The Display

Photo credit: Kevin Nance.Licensed CC-BY.

Photo credit: Kevin Nance.
Licensed CC-BY.


The little boy appeared in front of the window during my second week on the job. He paused and glanced up when his father tugged on his hand, and when his eyes lifted to my window he jerked away so quickly his hand slipped from his mitten.

I let the towel drop and stepped back into the shadowed doorway leading out of the display window. The boy flattened his palm on the glass, leaves crumbling beneath his step. I watched the father’s throat move as he swallowed hard, said something to the child and moved toward him.

“Mama,” the boy said. His eyes were whole and huge, darkening to black with tears. The flat hand curled into a fist. My heart stopped, hot and waiting, until he said again, “Mama,” and pressed his forehead to the glass.

*

“The strangest thing happened today at the store.” I turned and topped off Mae’s coffee, returned the pot to the stove and sat across from her. “This little boy stopped in front of my window and said, ‘Mama.’”

My aunt blew on her coffee, watching me over the rim. Her eyes were filmy behind two distinct smudges on the lenses of her cat eye glasses.

“He was with his father – I guess it was his father. They looked alike. They turned the corner and the little boy was watching the wind toss some leaves around, and suddenly he looked up and saw my display.”

“The new one?”

“The beauty shop one.”

“How’s that going?”

I lifted one shoulder. “They want me to put one of those exercise belt machines in it.”

“How tacky.”

“I know. I’ve been putting it off for a week, hoping Betty will forget about it.”

Mae snorted and tapped a cigarette from her silver case. “Good luck with that.” She lit up, blew a thin line of smoke at the ceiling. Behind her, out the window, purples leaves shivered in a pink gloaming. Stan would be home soon. “Back to the kid.”

I shook my head. “That’s about it. He got really upset, seemed like, and put his face up against the window. It was like the display made him sad.”

“That display makes me sad, and I haven’t even seen it,” Mae said. She stood, pressed her palms into the small of her back, stretched. “I need to start supper. You eating with us tonight?”

I stood as well, washed out my tea cup and placed it upside down in the drainer. “No, thank you. I think I’ll turn in early.”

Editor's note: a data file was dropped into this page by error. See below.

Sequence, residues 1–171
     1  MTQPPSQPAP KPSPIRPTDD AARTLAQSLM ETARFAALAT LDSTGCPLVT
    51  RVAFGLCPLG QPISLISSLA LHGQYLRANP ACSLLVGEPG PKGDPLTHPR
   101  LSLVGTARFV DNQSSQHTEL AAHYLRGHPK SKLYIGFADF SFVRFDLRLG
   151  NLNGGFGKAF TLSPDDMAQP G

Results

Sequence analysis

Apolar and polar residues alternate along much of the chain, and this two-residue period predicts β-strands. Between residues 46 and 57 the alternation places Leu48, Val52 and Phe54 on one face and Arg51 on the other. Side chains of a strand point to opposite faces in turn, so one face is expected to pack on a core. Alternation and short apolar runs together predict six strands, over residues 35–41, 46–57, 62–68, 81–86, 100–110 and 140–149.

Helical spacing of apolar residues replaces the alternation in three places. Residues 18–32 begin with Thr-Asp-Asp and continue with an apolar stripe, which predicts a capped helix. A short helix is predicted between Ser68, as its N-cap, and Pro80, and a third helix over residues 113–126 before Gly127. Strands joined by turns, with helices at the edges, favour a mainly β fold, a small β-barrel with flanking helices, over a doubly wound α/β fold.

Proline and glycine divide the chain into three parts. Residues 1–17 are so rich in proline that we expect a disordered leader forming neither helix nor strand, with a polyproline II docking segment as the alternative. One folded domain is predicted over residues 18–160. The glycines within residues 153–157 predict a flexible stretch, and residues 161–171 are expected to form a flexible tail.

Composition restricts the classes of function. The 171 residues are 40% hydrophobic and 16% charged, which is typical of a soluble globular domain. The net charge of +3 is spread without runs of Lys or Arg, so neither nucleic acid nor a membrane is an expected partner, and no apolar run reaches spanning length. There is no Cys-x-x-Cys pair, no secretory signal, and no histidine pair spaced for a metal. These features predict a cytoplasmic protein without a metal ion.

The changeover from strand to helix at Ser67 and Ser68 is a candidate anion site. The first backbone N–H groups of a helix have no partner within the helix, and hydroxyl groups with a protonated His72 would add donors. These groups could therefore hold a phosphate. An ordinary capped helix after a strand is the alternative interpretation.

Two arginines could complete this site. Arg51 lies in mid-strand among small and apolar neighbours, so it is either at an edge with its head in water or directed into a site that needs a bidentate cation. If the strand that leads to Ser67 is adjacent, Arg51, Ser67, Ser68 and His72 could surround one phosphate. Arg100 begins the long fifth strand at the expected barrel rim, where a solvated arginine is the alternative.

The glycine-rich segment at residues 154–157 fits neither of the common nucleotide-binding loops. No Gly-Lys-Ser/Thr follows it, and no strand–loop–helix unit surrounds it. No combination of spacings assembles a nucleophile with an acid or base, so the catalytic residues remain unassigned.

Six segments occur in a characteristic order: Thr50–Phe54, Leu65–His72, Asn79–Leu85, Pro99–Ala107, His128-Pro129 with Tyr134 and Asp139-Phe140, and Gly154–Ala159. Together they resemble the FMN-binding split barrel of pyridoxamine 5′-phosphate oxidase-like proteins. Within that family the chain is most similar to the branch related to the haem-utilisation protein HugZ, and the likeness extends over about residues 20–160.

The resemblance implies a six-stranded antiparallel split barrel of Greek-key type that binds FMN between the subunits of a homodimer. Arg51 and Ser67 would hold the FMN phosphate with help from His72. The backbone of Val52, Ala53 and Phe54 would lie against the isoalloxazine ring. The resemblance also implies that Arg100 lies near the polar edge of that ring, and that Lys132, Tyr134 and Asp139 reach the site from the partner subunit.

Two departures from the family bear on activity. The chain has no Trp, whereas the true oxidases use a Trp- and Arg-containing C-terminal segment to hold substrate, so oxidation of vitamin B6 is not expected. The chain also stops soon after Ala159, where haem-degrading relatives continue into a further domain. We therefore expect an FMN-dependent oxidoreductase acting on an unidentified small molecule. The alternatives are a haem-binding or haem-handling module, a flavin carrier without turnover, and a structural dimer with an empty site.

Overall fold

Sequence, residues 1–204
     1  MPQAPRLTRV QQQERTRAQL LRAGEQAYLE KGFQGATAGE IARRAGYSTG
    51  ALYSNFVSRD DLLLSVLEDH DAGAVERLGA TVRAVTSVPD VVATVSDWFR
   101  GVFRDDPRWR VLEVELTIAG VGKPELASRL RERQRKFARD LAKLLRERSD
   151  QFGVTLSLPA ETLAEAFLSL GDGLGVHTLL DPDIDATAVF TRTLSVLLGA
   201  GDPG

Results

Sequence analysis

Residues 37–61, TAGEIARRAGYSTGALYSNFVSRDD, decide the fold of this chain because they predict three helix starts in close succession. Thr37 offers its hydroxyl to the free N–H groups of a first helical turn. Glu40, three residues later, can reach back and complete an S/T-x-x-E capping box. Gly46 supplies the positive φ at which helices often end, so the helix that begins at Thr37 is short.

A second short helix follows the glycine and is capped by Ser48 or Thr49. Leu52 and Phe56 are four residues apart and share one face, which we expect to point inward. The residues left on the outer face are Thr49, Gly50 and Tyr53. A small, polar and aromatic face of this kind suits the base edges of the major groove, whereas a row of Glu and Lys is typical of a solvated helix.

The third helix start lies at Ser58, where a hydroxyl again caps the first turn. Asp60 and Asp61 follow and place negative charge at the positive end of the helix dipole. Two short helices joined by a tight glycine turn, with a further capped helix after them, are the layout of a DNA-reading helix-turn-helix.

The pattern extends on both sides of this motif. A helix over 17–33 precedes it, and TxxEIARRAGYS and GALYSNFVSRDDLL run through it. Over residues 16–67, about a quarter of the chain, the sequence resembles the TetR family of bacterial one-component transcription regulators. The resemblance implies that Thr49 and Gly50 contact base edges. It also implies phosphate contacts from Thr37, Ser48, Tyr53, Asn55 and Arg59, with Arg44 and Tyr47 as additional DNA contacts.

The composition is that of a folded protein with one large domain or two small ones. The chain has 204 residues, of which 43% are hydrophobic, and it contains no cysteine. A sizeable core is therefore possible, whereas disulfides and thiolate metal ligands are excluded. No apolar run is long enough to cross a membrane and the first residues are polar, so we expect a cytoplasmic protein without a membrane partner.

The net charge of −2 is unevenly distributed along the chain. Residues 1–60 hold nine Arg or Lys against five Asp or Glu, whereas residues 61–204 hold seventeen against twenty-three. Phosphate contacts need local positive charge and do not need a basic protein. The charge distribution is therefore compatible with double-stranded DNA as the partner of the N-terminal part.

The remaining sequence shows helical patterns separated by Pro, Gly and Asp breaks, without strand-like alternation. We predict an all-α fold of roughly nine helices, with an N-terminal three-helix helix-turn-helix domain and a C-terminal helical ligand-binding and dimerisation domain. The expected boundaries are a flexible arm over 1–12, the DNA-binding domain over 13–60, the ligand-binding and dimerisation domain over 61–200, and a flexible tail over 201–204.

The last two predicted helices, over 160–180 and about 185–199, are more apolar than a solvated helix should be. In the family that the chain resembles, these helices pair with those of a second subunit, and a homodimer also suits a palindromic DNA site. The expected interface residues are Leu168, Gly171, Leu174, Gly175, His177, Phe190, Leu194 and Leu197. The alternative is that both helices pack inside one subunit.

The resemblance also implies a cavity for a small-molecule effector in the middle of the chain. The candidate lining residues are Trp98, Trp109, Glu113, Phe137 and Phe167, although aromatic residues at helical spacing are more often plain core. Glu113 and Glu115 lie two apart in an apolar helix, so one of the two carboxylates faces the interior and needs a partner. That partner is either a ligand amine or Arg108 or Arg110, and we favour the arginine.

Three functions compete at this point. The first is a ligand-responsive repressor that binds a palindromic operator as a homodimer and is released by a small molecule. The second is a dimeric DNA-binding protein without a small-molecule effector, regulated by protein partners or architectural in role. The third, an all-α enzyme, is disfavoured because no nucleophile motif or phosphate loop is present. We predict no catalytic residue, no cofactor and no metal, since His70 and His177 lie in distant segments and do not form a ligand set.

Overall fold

“Just as well,” Mae said, and kissed my cheek. “Remember your towel.”

“Yes ma’am,” I said, and went upstairs.

My room was on the third floor, which was more of an attic than an inhabitable space. It was deathly hot in the summer, Mae said, but thankfully my arrival turned the leaves, bronzed the trees, and a cool depth settled over Savannah. Stan said he hadn’t seen a cold snap so early in the fall in thirty years; it was as if my presence sped up a season.

Their house on Gaston was rambling but in despair. Entire rooms had been closed off for years, moisture clung like tears to windows and impossible noises livened the night. The house, unfortunately named Heavensgate, had been in my mother’s family for generations. Mae was the only one left who had the patience and breath to claim it.

My nightly ritual took nearly an hour, and when I had shoved my last towel into the crack under the attic door I crawled to my narrow bed and felt beneath it for the cuff. The silver was cold and hurt my wrist, but I closed it as tightly as I could, until the lock caught and my fingertips tingled. Then I lay in the wash of streetlight and waited for sleep to claim me.

*

The next day I lost my silent battle with Betty: she had Rufus and Dom haul the exercise belt machine up the three stairs and into my display window, where I had just finished securing a towel around a dummy I called Sister.

“I think it would look best in the corner here,” Betty said, pointing. “Angle it so the mannequin’s back is to the window and the crowd can see the belt around her waist.”

Dom turned and wiped a rag over his face. “What crowd?”

“The one that will certainly be here once Celia is finished with this window.” Lipstick bloomed Pretty in Pink across Betty’s two front teeth, but I didn’t bother to point it out. “Isn’t that right, Celia Rose?”

“Yes ma’am,” I said. “Sure is.”

“What is this thing, anyway?” Rufus asked, picking up a piece of the belt and dropping it.